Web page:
The father of one of the victims of Ejisuman Senior High School sex scandal has called for the prosecution of the teachers who have been found culpable.
He said he was unhappy when the teachers involved were transferred after news broke that they have abused some female students including his daughter.
“There was no point in transferring some and dismissing others after they were all found guilty. The transferred teachers will only go to another school and do the same thing.
“I want government to send them to court, prosecute them and compensate the victims,” he said.
At least four teachers indicted in the Ejisuman Senior High School sex scandal have been dismissed.
Isaac Amponsah, Moses Asmah, Andrew Adu Asare and M. Osei were found guilty in several acts of sexual misconduct and immoral relations with students.
The dismissal, announced by the Ghana Education Service, follows months of investigation conducted by a special committee.
Some eight students accused teachers of the school of sexually abusing them after a leaked sex video went viral.
In a horrifying tale, the students claimed the teachers on several occasions made sexual advances at them.
Others claimed the teachers, as punishment for trumped-up offences, forced them to stroke their manhood until they ejaculated.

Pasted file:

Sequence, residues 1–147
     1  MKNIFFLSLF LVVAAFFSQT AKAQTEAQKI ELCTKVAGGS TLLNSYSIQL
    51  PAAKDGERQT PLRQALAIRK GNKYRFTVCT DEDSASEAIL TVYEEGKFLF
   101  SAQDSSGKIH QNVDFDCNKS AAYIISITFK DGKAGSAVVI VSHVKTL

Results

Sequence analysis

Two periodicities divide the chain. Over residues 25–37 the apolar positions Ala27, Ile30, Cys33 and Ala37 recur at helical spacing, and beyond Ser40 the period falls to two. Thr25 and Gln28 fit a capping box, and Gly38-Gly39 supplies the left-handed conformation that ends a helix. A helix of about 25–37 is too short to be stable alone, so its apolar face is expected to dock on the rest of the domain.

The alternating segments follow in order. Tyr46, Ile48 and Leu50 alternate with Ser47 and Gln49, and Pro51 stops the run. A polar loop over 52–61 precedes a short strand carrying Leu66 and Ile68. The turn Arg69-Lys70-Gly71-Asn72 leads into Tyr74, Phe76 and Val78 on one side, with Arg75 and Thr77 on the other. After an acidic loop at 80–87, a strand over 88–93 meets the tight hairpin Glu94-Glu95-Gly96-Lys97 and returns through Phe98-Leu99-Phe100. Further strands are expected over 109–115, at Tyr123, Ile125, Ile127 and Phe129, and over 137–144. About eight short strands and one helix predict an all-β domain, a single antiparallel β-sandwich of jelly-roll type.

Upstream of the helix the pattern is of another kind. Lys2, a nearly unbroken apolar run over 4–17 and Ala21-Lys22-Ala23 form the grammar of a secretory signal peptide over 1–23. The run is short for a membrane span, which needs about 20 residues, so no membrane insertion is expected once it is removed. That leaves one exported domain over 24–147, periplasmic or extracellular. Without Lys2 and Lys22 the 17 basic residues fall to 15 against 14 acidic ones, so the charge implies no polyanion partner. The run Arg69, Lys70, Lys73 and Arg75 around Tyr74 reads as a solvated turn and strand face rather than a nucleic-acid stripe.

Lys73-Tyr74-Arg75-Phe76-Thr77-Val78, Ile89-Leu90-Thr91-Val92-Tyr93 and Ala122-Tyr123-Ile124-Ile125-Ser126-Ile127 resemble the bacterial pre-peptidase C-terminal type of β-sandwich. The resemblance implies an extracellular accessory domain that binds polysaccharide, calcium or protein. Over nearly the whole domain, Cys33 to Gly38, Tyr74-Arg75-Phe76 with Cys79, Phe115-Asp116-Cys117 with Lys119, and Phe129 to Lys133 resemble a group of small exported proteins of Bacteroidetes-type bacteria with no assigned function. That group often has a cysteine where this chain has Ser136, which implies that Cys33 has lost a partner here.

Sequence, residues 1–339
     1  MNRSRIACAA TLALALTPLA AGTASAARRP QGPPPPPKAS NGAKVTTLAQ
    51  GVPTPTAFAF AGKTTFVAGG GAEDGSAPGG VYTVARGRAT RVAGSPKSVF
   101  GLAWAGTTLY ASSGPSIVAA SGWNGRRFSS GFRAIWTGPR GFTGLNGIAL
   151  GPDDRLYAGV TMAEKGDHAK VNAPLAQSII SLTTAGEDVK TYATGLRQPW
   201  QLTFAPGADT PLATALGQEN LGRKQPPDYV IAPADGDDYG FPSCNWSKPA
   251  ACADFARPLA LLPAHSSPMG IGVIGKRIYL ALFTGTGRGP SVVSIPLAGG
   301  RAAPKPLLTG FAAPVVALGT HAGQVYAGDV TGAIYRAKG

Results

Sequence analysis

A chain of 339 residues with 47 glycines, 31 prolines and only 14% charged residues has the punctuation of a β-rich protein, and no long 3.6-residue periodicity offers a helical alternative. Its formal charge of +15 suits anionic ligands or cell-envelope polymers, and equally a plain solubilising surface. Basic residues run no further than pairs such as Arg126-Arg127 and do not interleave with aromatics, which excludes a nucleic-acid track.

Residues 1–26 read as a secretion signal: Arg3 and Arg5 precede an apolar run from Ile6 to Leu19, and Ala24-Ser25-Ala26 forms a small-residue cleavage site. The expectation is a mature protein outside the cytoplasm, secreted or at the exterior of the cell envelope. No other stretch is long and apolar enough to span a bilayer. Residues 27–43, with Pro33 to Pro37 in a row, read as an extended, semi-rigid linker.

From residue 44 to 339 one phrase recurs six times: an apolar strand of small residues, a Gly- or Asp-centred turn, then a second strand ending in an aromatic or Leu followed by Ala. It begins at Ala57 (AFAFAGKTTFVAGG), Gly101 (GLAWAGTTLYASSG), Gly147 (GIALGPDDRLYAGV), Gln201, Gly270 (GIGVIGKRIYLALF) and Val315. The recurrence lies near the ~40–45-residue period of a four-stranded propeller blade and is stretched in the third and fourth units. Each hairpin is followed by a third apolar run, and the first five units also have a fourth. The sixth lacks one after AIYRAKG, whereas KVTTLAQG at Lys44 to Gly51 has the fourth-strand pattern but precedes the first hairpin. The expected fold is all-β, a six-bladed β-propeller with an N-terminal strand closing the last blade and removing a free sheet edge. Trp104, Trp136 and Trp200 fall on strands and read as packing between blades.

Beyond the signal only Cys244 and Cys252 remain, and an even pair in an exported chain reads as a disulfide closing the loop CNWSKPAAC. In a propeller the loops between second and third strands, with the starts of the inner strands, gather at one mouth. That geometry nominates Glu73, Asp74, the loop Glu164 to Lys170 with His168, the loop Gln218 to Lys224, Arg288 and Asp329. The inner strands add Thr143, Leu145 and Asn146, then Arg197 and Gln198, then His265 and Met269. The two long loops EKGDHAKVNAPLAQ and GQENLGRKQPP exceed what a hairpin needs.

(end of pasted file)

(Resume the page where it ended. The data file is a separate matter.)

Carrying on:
She alleged that some of the teachers were kissing some students against their will, taking students to hotels and forcing students to have sex with them and subjecting students to unnecessary punishment when they refuse advances from teachers.
She said the behaviour was widespread among the teachers and has gone on for a long time.
The students broke their long silence to the media in what became the Ejisuman SHS sex scandal early last year.
“The teachers are very dangerous and I think they have to be banned from teaching any student,” one of the victims told Joy News’ Erastus Asare Donkor.
“Transfering some and withdrawing others from the school will not solve the problem as it will only transport their bad habits to another school. Also, they will not see the severity of what they have done,” she said.
She said she felt sorry for her colleagues who were also abused but they never got the heart to stand up and fight the system.
But Deputy Education Minister Dr. Yaw Osei Adutwum had told Nhyira FM's Ohemeng Tawiah that the frequency with which child abuse cases are reported against teachers and educational workers means more needs to be done to protect children.
"Given the frequency with which some of these reports come to our knowledge, we have to really look at our policy and the Ghana Education Service (GES) policy on child abuse reporting and be able to have a situation where the police are rightly at the forefront of this, while allegations happened.
"The international best practice; it is the police that take the front roles. They are the ones that investigate and GES will do its professional responsibility so it shouldn't be the other way around.
"We are in the 21st century and we have to begin to make sure children are protected."